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I have the following directory structure in LINUX

enter image description here

In every single folder (except home), there's a file called myfile.xml

I want to compare (preferably using diff) all of the myfile.xml files. So, I want the code to automatically go in all subdirectories (as deep as it goes) and look for myfile.xml and compare them. It can also compare all of the files to 1 of them. I cannot find how to do that.

Thanks in Advance

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1 Answer

up vote 2 down vote accepted

Pick one of the xml files, say it's home/hello/myfile.xml. Then run a find (assuming you are in the folder just above home):

find home -name "myfile.xml" -print -exec diff home/hello/myfile.xml {} \; 

This will compare home/hello/myfile.xml with each of the other ones, and precede each diff output with the path name of the file being compared.

If you want a way to programmatically get the first file, you could do something like this:

basexml=$(find home -name "myfile.xml" | head -1)
find home -name "myfile.xml" -print -exec diff $basexml {} \; 

If you want a message indicating a difference before the difference output (and only if there's a difference), then you could create a small shell script as follows:

dout=$(diff $1 $2)

if [ ! "$?" = "0" ]; then
    echo "${1##*/} is different on ${1%/*} and ${2%/*}"
    echo $dout
fi

I'm not sure what the limit is on how much a shell variable can hold, so you may need a temp file:

diff $1 $2 > /tmp/$0$$

if [ ! "$?" = "0" ]; then
    echo "${1##*/} is different on ${1%/*} and ${2%/*}"
    cat /tmp/$0$$
fi

rm -f /tmp/$0$$

Let's say this script is called sdiff.sh, then your find would be:

find home -name "myfile.xml" -exec sh sdiff.sh $basexml {} \;

In the script, I named the temp file as $0$$ which is the script's name followed by its process ID. So the name will appear as /tmp/sdiff.shXXXXX where XXXXX is the process ID. In this case, I probably didn't have to be that "fancy" (we could have just called it $0.tmp or something).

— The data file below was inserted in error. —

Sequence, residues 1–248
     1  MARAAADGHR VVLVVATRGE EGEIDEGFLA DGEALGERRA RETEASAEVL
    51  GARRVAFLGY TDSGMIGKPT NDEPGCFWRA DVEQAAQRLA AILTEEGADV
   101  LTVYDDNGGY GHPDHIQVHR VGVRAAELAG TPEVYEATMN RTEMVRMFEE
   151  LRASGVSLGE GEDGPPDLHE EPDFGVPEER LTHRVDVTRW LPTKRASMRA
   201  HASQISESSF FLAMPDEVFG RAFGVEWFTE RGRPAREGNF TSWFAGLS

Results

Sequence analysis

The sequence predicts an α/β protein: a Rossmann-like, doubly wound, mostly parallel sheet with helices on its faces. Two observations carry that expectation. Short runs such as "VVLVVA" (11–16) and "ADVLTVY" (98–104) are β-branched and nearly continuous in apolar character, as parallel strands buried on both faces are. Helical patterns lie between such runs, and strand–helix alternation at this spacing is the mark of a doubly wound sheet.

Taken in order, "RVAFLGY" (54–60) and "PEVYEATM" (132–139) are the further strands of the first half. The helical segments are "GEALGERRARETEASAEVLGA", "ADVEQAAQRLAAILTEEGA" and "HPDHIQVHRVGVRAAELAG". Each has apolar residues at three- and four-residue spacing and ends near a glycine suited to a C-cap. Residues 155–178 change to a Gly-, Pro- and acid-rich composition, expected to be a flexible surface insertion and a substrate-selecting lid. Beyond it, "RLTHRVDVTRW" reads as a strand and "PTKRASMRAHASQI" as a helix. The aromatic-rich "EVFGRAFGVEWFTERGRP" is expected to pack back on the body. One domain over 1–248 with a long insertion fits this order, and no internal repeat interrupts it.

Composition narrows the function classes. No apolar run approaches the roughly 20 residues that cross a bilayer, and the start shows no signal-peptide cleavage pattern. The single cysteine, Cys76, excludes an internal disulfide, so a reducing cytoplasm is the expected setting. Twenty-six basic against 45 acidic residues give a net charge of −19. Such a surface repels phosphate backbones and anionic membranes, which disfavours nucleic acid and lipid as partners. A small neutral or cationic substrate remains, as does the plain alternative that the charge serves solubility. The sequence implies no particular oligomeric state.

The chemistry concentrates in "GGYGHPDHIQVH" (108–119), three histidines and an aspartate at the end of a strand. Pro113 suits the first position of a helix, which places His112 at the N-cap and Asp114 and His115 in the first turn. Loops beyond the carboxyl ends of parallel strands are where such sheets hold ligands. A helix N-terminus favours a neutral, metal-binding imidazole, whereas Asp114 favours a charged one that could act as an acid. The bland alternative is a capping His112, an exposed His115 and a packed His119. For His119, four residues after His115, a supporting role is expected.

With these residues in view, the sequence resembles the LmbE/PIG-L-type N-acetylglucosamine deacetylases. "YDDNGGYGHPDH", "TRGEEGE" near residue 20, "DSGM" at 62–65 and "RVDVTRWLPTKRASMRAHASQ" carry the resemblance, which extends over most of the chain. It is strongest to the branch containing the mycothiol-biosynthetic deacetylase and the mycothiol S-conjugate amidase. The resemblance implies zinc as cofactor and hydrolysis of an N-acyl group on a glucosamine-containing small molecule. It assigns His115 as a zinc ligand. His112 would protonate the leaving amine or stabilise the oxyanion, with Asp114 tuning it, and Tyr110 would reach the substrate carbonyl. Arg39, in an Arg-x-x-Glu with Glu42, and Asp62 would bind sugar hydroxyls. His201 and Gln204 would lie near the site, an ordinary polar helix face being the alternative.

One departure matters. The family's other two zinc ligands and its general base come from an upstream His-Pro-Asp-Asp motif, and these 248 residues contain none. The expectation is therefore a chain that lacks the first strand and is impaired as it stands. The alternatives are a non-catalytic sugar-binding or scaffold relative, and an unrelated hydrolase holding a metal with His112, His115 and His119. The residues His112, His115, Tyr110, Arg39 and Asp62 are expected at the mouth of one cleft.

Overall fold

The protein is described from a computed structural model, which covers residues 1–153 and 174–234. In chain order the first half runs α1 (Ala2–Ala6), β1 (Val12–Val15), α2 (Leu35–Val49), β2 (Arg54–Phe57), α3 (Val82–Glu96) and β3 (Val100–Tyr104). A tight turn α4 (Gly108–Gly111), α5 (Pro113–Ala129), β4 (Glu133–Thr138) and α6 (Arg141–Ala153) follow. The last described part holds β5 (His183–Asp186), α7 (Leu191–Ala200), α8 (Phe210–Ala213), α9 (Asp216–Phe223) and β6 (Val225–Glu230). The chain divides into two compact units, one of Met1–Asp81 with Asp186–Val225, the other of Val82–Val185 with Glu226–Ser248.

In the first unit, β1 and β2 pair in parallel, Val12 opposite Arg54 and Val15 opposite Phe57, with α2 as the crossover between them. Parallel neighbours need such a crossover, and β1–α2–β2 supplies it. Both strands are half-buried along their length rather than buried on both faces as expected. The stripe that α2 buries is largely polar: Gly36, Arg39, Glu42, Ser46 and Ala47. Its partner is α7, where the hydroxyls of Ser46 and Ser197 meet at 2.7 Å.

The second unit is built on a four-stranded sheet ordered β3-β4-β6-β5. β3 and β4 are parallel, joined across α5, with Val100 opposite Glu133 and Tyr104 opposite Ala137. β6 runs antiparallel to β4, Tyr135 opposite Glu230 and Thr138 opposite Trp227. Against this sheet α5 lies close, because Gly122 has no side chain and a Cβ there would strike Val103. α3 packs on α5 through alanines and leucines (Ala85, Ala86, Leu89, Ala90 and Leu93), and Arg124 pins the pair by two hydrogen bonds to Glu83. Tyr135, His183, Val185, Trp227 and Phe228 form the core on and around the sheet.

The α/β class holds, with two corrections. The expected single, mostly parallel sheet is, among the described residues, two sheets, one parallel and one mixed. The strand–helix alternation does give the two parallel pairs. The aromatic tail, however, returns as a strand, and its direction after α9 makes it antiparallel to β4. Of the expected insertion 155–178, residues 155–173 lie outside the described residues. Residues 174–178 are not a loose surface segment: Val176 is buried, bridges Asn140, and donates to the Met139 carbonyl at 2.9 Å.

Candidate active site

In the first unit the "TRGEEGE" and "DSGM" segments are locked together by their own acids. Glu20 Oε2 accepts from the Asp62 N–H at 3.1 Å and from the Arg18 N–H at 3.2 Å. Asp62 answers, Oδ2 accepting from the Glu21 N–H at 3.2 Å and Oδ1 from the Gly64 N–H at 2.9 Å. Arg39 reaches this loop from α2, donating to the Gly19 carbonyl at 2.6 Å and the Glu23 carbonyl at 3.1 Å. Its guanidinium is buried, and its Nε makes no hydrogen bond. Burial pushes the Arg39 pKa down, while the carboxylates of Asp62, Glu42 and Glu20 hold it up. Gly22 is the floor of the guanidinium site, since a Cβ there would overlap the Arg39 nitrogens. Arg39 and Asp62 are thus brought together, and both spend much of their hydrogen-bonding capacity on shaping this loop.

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+1 Seems to be working. I'll make sure and test it then i'll accept. thank you –  Matin Oct 8 '13 at 16:45
    
Is it possible to echo something every time it finds a difference? For example "myfile.xml" is different on /home/hello/ and /home/hello/1.0/ Then display the difference –  Matin Oct 8 '13 at 16:53
    
Yes it is possible with find but it won't know there's a difference until after the diff is executed, so such a phrase would be echoed after the diff occurs. Do you want to omit the diff output and just indicate that there is a difference? –  lurker Oct 8 '13 at 17:00
    
no no I want to say there is a difference then display the difference. I thought of doing the following. me=$(find home -name "myfile.xml" -print -exec diff home/hello/myfile.xml {} \;) Then i have access with the array me right? echo "${me[0]}" –  Matin Oct 8 '13 at 17:08
2  
@Martin, ${1##*/} is a short way of getting basename $1, ${1%/*} is a short way of getting dirname $1, and /tmp/$0$$ is a temp file name made from $0 (which is the script name) concatenated with $$ which is the current process number. –  lurker Oct 8 '13 at 18:33
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